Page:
CDC: America's obesity epidemic is helping cancer make a comeback

Cancer used to be one of the scariest words a patient could hear from a doctor. Then decades of better prevention, detection and treatment helped drive cancer death rates down. It’s often been redefined as a chronic disease that can be managed or even avoided altogether. The strides we’ve made against cancer are a profound victory for America’s health, but the country’s growing overweight and obesity problem threatens to drive us back to the days when cancer was a word you had to whisper.

New research in CDC’s latest Vital Signs report reveals that nearly all cancers associated with overweight and obesity are on the rise. Only the colorectal cancer rate – down 23 percent since 2005 – is going in the right direction, thanks to effective screening and awareness efforts. But alarmingly, rates for the 12 other cancers associated with overweight and obesity have actually risen seven percent in the last decade. That is a disappointing turn, especially when compared to cancers not associated with excess body weight, which dropped 13 percent during the same period.

We must act now before we risk losing the important gains we’ve made against cancer over the last three decades. I know it won’t be easy. One of the things I worry about is knowing that two out of three adults weigh more than recommended in this country, yet fewer than half of Americans know being obese increases their risk of cancer. I believe this is one of the reasons more than half a million people are diagnosed with cancers related to excess weight each year, as CDC’s new Vital Signs reports.

There are few health preventions that offer better value than avoiding weight gain. We already know obesity is behind many of the things that commonly kill us and our loved ones, such as heart disease and stroke. Now we know the association between obesity and cancer is even greater.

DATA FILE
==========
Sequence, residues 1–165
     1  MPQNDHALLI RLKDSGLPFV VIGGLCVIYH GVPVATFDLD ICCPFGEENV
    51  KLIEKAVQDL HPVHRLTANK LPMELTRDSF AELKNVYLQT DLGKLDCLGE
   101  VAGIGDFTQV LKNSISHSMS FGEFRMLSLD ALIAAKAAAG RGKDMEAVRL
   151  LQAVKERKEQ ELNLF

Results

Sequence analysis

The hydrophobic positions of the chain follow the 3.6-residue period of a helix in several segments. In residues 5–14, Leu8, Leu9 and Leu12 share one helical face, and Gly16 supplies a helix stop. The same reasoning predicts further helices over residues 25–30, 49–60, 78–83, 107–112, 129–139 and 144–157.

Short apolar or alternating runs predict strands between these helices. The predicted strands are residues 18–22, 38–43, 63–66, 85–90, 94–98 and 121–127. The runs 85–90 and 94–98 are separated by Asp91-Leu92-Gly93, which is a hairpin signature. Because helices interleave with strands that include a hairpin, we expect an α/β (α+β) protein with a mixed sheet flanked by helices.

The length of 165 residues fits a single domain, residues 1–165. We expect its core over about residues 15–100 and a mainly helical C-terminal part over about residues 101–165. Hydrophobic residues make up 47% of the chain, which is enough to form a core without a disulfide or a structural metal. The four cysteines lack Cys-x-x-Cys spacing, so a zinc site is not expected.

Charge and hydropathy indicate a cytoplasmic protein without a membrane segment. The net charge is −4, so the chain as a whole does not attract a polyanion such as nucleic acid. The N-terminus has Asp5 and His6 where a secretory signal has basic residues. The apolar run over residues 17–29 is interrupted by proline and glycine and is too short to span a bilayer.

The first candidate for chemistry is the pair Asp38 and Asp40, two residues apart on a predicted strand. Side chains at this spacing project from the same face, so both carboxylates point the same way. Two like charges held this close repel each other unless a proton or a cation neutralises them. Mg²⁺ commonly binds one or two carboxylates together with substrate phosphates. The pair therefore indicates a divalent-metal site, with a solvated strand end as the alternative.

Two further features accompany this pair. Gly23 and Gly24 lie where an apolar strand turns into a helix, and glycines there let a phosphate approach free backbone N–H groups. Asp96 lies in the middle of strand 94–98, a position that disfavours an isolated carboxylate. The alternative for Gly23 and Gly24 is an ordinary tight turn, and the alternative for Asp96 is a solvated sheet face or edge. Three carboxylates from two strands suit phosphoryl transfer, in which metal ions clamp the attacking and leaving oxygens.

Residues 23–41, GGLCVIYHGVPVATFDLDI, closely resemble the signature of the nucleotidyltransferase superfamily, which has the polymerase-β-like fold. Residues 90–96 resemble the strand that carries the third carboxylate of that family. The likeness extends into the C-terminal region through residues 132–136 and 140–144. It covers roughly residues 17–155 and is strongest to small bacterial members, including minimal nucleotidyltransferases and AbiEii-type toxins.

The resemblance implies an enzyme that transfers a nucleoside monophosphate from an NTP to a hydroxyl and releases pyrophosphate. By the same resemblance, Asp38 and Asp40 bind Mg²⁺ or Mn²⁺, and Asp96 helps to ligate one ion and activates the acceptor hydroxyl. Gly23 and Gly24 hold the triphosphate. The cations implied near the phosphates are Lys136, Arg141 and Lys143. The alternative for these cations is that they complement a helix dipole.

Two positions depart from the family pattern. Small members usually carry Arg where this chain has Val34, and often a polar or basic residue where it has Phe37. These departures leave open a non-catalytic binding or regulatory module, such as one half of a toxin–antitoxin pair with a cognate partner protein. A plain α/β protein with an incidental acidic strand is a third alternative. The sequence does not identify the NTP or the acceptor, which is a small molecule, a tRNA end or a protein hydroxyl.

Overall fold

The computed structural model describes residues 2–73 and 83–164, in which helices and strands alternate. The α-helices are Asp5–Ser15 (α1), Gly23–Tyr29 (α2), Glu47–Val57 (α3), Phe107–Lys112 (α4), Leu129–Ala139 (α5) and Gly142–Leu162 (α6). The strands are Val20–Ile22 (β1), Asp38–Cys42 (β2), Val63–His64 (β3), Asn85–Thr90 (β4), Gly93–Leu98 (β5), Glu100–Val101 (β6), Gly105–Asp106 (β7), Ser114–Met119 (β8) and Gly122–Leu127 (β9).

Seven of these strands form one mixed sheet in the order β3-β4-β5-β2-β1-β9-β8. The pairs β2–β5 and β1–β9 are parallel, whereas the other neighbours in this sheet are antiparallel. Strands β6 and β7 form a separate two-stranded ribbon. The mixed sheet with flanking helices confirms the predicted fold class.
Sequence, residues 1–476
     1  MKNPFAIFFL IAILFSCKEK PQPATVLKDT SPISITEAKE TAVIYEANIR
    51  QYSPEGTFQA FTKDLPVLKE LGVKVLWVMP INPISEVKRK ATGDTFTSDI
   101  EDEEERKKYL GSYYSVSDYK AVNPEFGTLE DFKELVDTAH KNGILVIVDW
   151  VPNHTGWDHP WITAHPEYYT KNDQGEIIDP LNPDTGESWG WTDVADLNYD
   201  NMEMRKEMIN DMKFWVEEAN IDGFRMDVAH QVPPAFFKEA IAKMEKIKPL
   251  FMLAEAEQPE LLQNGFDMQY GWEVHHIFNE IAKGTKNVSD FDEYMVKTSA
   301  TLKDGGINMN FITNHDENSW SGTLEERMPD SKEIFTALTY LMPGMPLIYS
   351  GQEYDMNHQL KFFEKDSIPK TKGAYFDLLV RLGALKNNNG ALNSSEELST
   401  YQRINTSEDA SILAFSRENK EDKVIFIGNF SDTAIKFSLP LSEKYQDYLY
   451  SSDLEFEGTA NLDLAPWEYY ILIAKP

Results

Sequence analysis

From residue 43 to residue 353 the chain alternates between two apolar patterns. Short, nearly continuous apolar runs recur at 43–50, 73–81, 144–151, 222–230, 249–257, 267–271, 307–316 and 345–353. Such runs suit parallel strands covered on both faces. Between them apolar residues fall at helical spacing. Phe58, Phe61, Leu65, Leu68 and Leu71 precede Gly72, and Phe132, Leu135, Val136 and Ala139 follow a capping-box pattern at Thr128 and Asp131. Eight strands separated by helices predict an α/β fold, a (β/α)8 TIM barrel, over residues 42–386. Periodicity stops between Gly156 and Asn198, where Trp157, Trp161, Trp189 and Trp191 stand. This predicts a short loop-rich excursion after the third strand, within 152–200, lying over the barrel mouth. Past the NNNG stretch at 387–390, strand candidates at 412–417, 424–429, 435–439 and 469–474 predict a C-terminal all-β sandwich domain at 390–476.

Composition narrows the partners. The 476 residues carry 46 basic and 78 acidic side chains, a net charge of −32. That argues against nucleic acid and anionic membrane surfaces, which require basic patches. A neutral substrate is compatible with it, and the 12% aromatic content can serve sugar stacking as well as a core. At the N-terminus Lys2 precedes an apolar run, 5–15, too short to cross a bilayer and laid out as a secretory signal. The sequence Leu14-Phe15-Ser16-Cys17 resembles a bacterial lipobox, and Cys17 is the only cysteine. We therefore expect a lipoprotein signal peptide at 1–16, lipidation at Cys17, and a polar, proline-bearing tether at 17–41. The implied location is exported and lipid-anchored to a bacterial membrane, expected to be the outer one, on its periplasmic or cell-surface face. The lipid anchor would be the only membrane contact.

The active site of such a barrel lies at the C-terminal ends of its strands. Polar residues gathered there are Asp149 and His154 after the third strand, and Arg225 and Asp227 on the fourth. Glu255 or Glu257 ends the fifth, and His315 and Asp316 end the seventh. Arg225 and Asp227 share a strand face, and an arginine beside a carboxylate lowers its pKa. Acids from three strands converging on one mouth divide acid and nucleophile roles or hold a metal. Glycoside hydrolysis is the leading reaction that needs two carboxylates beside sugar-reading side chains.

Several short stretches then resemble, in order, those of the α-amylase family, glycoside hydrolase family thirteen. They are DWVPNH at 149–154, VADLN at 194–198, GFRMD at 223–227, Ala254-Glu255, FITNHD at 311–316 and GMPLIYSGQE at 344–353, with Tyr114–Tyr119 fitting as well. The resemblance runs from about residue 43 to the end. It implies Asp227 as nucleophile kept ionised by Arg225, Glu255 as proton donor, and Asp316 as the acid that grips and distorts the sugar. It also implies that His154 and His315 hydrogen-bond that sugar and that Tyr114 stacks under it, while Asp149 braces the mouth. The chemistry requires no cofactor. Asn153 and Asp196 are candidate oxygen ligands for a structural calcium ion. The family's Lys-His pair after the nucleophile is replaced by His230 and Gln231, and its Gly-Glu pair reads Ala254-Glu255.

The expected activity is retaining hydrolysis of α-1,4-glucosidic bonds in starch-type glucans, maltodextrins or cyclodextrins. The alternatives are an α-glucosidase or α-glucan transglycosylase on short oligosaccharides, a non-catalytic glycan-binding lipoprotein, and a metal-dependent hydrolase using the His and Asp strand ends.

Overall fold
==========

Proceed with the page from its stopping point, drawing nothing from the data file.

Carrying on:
There are few health preventions that offer better value than avoiding weight gain.

Excess weight changes the body, increasing certain hormones and levels of inflammation that can lead to cancer. This is why we must do more to raise awareness about the association of obesity to cancer – especially among children and at-risk populations. Anyone who has ever tried to lose weight knows obesity is much easier to prevent than reverse, so it is critical that we help children adopt healthy habits before they ever become overweight.  

The new research also reveals disparities in those who suffer most from cancers associated with overweight and obesity. Among women, these cancers account for 55 percent of all cancer diagnoses, compared to only 24 percent among men. In addition, these cancers varied by race. Blacks had the highest rate (186.5 per 100,000), followed by whites (170.9 per 100,000), American Indian/Alaska Natives (162.5 per 100,000), Hispanics (150.6 per 100,000), and Asian/Pacific Islanders (128.4 per 100,000). And, two out of every three people diagnosed with these types of cancers are aged 50-74 years.

The good news is that we can do a lot to turn these alarming trends around. But it will take public health, health care providers, schools, communities, workplaces, and families all working together. Americans need to understand the association between excess body weight and cancer risk. We need to encourage people to make the right choices, including eating right, being physically active, and getting cancer screenings as recommended. And, of course, people need to avoid using tobacco to prevent both cancer and other serious health conditions.

At the federal level, we are funding community programs that promote healthy eating and physical activity. We continue to collect and analyze data to better understand these latest trends in cancer, obesity, and risk factors. And we’re developing and promoting dietary and physical activity guidelines to help Americans make informed health choices.

As a doctor, and a former state health commissioner, I’ve seen how often obesity becomes the gateway to serious health problems in people. We must not let it be the gateway to cancer making a comeback in America.

Brenda Fitzgerald is the Director for the Centers for Disease Control and Prevention and Administrator of the Agency for Toxic Substances and Disease Registry.